Omnicom Team to Tout Alzheimer’s Message

For many organizations that serve seniors, staying relevant to consumers approaching the organizations’ target age has been a central issue. Now, the Alzheimer’s Association is dealing with that task, as the top end of the 70 million-plus baby boomers nears their 60th birthdays, and that’s job one for the Omnicom Group team tapped last week to create a $20 million marketing push for the association.

The effort includes the first ads for the organization, which says the 4.5 million Americans now suffering from Alzheimer’s disease will triple by 2050 unless a cure can be found. That will be the challenge for direct-response shop Rapp Collins, public relations agency Porter Novelli and philanthropic-services shop Changing Our World.

The group wants to take a more “aggressive” approach to marketing than in the past and gain consumer recognition, said David Zucker, evp, director of CauseWorks, a cause- marketing division of Porter Novelli in New York. Zucker heads the integrated team on the account.

“There’s a critical need to do branding—getting the message out and telling people to get earlier diagnoses and make healthier choices,” said Sheldon Goldberg, president and CEO of the Alzheimer’s Association.

The winning agencies bested the team of Interpublic Group’s MRM Partners, McCann-Erickson and Weber Shandwick in a review. Other shops—including Omnicom’s Draft, independent Grey Direct, IPG’s Mullen and Golin Harris, and WPP Group’s Wunderman—were eliminated at earlier stages.

The association aims to change its focus from serving as an information resource to being a public advocacy group, according to Zucker.

“Our primary task is to reposition the association,” said Malcolm Speed, chairman and CEO of Rapp Collins. “It really is at the core of what’s going on [in the Alzheimer’s arena], but awareness is quite low.”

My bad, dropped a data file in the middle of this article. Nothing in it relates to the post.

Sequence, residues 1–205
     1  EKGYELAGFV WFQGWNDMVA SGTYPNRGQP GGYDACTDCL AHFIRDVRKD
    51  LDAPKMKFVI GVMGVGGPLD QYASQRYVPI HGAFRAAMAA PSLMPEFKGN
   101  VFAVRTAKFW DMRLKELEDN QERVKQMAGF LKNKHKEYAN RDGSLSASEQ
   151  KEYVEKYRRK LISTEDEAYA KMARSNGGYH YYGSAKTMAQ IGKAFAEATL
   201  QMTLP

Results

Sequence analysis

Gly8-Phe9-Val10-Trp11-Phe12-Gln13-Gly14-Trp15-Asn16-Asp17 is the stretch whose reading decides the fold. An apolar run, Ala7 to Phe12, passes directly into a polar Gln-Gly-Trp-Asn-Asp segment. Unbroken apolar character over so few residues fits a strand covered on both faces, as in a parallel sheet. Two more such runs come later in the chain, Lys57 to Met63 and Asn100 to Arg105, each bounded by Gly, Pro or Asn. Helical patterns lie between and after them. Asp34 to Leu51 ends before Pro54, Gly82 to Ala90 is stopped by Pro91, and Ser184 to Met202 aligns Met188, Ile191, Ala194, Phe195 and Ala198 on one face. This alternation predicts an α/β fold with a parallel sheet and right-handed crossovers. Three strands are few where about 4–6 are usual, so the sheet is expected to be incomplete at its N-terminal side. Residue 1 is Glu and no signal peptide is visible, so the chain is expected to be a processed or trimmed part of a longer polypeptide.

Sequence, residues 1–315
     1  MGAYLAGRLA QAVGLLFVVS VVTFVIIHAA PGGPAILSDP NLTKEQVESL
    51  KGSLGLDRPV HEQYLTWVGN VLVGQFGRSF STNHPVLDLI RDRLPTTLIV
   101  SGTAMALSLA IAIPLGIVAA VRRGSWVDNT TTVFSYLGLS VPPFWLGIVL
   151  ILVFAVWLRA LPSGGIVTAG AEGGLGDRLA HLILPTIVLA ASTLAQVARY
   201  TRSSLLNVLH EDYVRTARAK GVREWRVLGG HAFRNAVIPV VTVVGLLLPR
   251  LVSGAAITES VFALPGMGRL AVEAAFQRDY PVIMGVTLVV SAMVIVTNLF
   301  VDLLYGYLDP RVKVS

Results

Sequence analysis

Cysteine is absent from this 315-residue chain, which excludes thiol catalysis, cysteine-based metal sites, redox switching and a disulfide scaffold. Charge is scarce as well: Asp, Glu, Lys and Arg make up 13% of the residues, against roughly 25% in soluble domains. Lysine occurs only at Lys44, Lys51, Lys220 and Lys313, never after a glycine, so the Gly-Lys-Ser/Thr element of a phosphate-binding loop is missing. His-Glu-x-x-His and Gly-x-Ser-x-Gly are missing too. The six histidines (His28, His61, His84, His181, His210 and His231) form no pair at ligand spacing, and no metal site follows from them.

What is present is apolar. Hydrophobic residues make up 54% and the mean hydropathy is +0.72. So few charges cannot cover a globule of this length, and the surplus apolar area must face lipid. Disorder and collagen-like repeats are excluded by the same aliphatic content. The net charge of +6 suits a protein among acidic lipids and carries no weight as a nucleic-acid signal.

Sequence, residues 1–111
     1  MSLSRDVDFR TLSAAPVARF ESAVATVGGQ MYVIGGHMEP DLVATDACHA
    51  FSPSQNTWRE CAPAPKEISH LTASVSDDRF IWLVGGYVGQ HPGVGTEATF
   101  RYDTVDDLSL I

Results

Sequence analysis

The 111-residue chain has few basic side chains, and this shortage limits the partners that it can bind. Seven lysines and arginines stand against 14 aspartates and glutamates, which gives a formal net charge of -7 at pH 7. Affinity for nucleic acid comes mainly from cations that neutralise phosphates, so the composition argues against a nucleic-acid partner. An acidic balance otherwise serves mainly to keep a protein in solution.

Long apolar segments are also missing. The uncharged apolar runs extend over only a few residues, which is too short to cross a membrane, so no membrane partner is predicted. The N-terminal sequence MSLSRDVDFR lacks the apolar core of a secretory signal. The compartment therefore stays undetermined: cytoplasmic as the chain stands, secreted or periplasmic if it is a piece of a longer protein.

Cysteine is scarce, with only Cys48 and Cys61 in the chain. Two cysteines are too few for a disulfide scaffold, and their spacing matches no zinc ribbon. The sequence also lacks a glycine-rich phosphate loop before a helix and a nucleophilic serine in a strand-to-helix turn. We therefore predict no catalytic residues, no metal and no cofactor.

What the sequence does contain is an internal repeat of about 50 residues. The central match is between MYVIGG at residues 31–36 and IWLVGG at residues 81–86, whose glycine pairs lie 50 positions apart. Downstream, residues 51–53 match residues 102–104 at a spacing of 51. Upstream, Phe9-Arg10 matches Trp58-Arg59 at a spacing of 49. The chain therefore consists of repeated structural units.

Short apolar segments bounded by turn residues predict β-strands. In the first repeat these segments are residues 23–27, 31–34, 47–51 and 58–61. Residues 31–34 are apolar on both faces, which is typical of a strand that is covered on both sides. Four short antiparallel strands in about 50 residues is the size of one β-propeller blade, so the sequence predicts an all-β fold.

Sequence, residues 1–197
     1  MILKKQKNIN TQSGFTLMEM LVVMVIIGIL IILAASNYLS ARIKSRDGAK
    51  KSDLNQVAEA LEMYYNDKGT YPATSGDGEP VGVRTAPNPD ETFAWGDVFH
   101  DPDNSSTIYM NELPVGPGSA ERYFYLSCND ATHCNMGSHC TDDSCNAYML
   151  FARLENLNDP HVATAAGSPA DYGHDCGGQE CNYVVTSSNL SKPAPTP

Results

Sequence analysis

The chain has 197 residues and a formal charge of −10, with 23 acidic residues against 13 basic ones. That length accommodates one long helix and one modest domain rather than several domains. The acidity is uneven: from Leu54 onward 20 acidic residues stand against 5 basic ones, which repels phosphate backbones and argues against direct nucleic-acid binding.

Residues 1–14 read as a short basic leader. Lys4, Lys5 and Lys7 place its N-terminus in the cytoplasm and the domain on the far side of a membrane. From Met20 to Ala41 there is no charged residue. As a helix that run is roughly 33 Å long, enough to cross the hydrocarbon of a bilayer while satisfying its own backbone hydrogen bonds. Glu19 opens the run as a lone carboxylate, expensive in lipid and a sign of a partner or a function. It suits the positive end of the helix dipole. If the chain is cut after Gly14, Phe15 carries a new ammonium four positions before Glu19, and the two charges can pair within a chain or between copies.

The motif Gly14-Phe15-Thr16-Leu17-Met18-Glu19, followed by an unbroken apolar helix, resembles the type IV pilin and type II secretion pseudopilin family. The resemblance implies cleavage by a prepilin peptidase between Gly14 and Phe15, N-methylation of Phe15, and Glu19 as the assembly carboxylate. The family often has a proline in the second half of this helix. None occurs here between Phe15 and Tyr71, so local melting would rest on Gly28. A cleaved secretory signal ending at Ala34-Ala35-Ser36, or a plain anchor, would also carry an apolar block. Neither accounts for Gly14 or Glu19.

The three shops are conducting an audit to determine a strategy for the upcoming effort. The campaign is set to break in the first quarter and likely will encompass a variety of themes, including patient care, reducing risks and the urgent need to fund research, Speed noted.

“Rapp and MRM had all the skills: strategic thinking, PR, interactive, advertising,” said Kathryn Kane, svp of brand management and marketing at the association’s headquarters in Chicago. “But we were looking for an agency that could do fundraising, and [Rapp] had experience in that.”

Neither the association nor the agencies would disclose details about the pitch.

The bulk of the $20 million budget will go toward direct marketing, with the remainder spread among public relations, interactive and advertising, according to Kane.

Health organizations pairing with marketing agencies is not a new concept. Recent efforts include WPP’s Ogilvy Public Relations and its “Red Dress” campaign, which seeks to prevent heart disease in women for the National Heart, Lung and Blood Institute, a division of the U.S. National Institutes of Health. And Havas’ Brann Worldwide has done work for the National Osteoporosis Foundation.

“The challenge will be communicating the relevance of the issue to baby boomers who have pretty much been in denial and see this as a disease of much older people,” said Zucker.